Editorial: Proactive approach

Brief thoughts on some of the events making news from around Franklin County and the North Quabbin area:

Dateline Buckland/Shelburne: Residents of these two communities should encourage their respective boards of selectmen to continue to examine all options when it comes to making high-speed Internet connections available townwide. Town officials and many residents continue to fear that the latest efforts by the state and WiredWest will still leave too many holes in the system. In this day and age, that is unacceptable and should be seen by everyone involved as a serious problem. We can’t help but think that with the towns getting more actively involved, there will be some kind of movement toward better connections.

Dateline Montague: The twisted tale of the property known as the Railroad Salvage building just took another turn, with a corporation calling itself Solutions Consulting Group now in charge. Let’s hope that this group is able to come up with a solution for the property that doesn’t entail it remaining an unsafe eye-sore, with taxes remaining owed to the town.

Dateline the state: One might expect the crowd of people interested in running for governor next year to ebb and flow in the coming weeks. At last count, there were four or five Democrats who have declared in some way their interest in replacing Gov. Deval Patrick. They include state Treasurer Steven Grossman; Don Berwick, a former health care official in the Obama administration; Juliette Kayyem, a former federal and state homeland security official; and Joseph Avellone, a biotechnology industry executive and former Wellesley selectman. State Sen. Dan Wolf, who was running, has suspended his campaign for now. On the Republican side, the only real news is that former U.S. Sen. Scott Brown has said he’s not going to throw his hat into the campaign ... but we won’t hold him to that decision.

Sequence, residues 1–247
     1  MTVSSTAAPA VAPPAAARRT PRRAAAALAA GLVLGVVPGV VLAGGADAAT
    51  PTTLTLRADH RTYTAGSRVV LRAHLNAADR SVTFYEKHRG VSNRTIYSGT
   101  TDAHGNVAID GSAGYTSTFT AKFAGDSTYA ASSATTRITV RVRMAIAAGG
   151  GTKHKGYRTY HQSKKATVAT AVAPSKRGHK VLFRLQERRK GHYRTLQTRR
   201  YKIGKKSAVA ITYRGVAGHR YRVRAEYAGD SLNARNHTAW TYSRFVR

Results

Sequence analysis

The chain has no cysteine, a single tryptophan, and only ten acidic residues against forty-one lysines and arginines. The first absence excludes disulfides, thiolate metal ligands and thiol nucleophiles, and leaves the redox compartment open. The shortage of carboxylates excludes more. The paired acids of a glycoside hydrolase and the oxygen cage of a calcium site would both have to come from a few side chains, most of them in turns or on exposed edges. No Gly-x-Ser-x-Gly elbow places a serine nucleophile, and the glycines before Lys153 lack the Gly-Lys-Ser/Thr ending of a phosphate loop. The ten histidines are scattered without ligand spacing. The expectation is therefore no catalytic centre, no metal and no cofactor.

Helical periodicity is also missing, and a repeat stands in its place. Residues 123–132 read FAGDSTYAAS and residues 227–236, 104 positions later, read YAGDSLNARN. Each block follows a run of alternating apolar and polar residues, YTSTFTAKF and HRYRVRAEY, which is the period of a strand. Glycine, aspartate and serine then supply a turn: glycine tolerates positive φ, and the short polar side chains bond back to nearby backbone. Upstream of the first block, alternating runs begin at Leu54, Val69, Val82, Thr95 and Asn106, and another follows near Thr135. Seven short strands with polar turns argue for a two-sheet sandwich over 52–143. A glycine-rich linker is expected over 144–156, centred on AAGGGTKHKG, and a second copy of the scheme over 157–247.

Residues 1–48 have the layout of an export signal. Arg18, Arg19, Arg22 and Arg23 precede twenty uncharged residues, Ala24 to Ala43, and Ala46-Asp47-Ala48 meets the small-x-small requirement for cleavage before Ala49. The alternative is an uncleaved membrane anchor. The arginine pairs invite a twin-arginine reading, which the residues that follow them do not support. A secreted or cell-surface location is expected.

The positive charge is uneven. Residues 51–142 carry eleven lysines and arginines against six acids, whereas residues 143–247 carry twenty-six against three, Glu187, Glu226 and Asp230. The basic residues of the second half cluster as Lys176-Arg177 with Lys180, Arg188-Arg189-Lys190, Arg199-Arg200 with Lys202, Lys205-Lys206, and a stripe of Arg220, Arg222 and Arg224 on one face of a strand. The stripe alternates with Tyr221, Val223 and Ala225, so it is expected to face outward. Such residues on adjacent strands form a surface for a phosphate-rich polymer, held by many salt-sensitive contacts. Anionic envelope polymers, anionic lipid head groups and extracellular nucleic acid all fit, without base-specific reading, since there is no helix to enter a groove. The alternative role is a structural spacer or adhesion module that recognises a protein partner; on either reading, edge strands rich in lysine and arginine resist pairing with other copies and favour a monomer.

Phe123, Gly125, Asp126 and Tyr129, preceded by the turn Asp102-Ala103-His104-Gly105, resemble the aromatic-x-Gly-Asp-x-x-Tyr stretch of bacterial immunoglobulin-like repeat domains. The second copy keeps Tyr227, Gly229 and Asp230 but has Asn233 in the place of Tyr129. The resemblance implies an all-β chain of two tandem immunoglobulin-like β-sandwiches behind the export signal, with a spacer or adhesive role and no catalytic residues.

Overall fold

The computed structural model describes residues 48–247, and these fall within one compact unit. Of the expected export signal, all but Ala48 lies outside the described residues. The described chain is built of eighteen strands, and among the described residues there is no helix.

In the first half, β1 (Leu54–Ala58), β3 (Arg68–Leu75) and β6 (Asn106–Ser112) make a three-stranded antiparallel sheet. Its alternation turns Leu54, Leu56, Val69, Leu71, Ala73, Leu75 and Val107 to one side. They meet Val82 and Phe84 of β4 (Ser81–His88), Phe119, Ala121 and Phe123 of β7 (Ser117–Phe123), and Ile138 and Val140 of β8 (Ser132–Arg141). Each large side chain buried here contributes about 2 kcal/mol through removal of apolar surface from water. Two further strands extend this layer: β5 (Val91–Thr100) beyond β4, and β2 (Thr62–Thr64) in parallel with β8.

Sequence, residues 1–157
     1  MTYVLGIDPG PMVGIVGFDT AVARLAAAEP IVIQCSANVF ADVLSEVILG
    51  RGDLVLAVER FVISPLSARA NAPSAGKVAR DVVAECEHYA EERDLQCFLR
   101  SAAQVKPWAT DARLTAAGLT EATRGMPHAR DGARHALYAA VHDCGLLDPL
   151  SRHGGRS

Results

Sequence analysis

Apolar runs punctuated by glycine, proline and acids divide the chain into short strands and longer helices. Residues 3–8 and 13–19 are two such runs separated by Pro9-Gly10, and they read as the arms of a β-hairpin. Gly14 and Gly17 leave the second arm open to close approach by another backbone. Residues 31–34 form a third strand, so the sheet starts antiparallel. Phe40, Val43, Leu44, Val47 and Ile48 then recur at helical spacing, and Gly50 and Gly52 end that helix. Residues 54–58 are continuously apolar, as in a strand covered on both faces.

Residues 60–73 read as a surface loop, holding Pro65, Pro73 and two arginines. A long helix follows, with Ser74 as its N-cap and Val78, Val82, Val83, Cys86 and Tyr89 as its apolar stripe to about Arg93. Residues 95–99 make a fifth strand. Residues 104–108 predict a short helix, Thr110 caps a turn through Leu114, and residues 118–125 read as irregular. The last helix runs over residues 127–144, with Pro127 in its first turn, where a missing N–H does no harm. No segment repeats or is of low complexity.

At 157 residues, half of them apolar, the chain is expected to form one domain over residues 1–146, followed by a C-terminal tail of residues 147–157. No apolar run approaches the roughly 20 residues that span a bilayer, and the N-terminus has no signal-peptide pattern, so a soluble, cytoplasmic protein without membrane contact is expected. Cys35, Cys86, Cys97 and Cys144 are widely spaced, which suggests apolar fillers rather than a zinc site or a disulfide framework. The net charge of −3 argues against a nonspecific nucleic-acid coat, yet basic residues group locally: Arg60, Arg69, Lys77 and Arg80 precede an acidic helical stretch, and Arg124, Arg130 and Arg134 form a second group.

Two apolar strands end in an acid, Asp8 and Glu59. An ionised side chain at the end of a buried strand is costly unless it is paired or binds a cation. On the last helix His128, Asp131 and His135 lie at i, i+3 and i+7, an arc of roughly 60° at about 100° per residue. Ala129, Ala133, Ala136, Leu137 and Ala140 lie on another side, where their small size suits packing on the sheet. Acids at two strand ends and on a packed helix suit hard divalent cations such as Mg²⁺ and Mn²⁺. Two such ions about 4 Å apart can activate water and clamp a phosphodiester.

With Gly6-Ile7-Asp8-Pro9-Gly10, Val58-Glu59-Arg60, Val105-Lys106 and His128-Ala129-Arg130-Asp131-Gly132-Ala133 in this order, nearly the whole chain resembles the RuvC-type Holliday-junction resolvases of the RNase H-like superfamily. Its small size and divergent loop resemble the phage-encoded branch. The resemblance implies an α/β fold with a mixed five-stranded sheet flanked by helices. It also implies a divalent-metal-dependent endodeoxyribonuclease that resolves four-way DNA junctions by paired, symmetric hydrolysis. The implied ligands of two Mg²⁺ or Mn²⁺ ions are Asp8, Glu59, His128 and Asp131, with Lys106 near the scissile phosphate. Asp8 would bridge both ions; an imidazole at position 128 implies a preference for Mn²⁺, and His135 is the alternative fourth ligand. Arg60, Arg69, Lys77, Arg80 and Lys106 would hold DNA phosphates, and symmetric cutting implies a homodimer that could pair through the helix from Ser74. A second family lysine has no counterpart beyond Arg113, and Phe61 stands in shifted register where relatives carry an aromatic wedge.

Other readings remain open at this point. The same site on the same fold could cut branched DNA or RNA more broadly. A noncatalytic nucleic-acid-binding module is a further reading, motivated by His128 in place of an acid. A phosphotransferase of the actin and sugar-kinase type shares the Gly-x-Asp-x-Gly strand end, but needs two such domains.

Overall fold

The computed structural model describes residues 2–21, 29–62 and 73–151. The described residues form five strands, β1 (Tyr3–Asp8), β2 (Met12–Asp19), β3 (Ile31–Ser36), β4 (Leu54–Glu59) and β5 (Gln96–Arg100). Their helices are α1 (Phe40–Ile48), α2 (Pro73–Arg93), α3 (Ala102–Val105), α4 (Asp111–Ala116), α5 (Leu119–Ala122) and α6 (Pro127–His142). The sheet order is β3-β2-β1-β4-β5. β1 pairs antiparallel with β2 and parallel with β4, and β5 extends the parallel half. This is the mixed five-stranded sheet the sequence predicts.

Dateline Greenfield: Dishcrawl sounds to us like an interesting idea ... partaking of a unique dining experience. The idea allows diners to take a “tour” of several local restaurants and sample some of the food they have to offer. If nothing else, it would seem to make for lively dining over about three hours. The first event of this kind in Greenfield is supposed to go off Wednesday. We’ll be interested to see what participants — including the restaurant operators — have to say.

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